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Stair Gradient Advice


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I am a set designer wanting to use an set of open stairs to reach a 2m platform. I want them to take as little space up as possible. What is an advisable gradient so that actors can still walk upright safely up & down them rather than them becoming more like a ladder? There is likely to be a hand rail on one side.


Ta for any advice given,




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There's a formula that architects use which I can't remember off hand, but basically, it uses the height of each riser and the depth of each tread. I would imagine that ideally you want to aim for no more than 200mm high for each riser and about 300mm of depth for each tread.
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The rules from the building regulations for domestic stairs are...


1. The height of any rise should be no more than 220mm


2. The going of any step should generally not less than 220mm


3. The pitch should be not more than 42 degrees (which means you cannot have both maximum going and rising). This is measured from the ground up to the stair line.


4. For any step the sum of twice its rise plus its going should not be more than 700mm nor less than 550mm

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(Brian Fairchild @ 15 Jul 2003, 08:11 AM)

of course, if you need to save space you could always use alternating steps. 



Not the easiest to walk up or down though.


True. I had a lot of trouble the first time I used some. The trick was figuring out which leg to start with.

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I've been stuck with this problem many times, and although building regs do offer a starter, you can with the necessary risk assessments and clearance go far steeper. I started looking at regs for ships and gantrys with limited access (i.e. not for the public), and you can then start getting far steeper.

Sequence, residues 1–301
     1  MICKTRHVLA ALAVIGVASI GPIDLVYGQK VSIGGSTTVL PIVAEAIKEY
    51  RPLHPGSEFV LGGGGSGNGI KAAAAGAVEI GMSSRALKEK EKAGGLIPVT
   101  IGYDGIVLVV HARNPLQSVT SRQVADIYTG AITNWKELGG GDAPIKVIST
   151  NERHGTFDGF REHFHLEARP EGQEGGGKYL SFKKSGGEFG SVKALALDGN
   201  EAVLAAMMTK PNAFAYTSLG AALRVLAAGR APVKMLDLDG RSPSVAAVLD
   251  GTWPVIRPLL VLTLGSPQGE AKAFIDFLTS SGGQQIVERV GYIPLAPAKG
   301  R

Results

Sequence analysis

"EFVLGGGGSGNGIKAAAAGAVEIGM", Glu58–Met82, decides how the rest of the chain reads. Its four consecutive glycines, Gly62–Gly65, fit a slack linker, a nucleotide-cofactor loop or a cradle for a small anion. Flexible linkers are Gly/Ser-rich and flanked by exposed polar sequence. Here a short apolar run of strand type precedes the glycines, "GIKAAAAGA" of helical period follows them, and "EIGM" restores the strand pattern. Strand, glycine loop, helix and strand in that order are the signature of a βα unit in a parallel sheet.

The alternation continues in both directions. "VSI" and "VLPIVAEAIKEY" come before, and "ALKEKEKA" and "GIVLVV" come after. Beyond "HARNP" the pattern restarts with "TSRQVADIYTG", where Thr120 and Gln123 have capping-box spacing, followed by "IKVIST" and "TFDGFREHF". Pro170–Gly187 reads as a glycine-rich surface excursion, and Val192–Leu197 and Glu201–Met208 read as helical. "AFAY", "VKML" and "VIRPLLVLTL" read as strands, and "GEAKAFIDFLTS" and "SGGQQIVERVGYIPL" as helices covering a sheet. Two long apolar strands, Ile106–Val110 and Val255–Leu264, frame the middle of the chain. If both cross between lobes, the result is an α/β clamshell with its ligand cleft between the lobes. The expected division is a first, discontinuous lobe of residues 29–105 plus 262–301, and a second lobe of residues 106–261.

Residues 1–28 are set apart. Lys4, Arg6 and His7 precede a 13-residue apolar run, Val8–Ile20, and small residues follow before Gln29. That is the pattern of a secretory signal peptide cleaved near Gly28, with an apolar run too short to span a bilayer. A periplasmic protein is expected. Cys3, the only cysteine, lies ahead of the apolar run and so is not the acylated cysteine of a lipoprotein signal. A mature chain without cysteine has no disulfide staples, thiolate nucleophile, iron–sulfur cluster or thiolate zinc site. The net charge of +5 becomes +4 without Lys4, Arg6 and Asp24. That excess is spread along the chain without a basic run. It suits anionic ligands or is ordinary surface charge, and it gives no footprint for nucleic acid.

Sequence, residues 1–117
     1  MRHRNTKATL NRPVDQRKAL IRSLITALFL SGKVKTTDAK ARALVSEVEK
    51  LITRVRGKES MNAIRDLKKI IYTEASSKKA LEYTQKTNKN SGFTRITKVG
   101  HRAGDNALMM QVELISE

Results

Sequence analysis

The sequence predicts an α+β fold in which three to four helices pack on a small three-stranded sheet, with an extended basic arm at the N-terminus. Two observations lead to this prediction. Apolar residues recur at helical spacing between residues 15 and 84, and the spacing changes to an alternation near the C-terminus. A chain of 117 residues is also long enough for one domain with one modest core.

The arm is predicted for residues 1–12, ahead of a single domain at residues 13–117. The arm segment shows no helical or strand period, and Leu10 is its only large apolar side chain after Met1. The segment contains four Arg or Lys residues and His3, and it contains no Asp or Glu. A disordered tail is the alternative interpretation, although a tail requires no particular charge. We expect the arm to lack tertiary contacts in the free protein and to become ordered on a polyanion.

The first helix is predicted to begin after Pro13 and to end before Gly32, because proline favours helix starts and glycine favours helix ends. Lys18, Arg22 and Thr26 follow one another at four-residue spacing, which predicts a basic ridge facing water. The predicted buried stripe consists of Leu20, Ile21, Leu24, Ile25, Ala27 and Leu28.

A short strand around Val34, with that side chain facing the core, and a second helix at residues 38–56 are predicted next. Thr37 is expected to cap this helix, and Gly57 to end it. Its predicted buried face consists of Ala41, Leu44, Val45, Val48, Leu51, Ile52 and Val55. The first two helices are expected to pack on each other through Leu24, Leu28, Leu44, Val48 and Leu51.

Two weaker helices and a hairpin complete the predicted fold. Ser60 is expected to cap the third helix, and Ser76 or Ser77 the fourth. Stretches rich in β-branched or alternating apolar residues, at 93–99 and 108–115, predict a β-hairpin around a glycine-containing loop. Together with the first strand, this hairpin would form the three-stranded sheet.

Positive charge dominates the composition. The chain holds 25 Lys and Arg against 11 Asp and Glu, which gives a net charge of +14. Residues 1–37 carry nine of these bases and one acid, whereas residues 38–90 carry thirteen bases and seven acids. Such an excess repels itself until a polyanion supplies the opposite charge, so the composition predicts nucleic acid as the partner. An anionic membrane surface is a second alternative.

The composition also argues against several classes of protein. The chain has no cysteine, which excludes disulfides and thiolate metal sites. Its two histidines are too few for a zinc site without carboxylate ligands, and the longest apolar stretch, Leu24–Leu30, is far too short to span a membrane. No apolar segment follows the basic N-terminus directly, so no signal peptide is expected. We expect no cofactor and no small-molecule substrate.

You must remember you are entering a very vague area liability wise. I've usually completed a risk assesment, using the following main arguments as to why I deviated from building regs;

1) Access is not for the public, and numbers are strictly controlled

2) Professionals using the design will be trained and made aware of the risks

3) Other professionals will be on hand to assist (e.g. stage management team).

4) The design is not a permanent feature, but a temporary one with a very limited lifespan.

5) The local licensing team have reviewed the design (either on site, or prior to installation), and have agreed to your proposals.

6) Extra handrails

7) Adequate lighting

8) Non slip surfaces

9) Review process to change your plans if their are problems in use


The important thing is for everyone on the team (including the people using the stairs) to be made aware of the risks and ensure they understand what you are proposing and what could go wrong e.g. falls and trips resulting in non fatal injury, but possibly broken limbs. The key to this process is pushing the creative and design teams to understand what problems they are creating when asking you to design items like this. I've found that if a director / production manager has the possible risks explained to them, then their ideas can be changed.


I'm very keen to push the limits of what we can do backstage to the limit (otherwise every design will be based on 8'x4' steeldecks 2' high!). This means creating a design environment which can manage potentially risky ideas in a safe process. This takes time and enormous levels of commitment.


Rant off and facts:


In a recent backstage staircase completed in the west end for a bandplatform with very limited space (we will rock you), I used the following;


150 going (step depth), 250 rise (vertical spacing). The handrail was approx. 900mm above the front edge of each tread. (overall angle is perhaps 65deg) This proved to be very steep but they were usable. Also try not to make them very wide (maybe only 850mm), so that someone can easily use both handrails for support (note handrails on both sides are very necessary when considering this).


I use a very good book as a starter point for these tricky situations:

neufert - architects' data third edition. ISBN 0-632-03776-8

This book is expensive but offers good sketches and dimensions for many problems.



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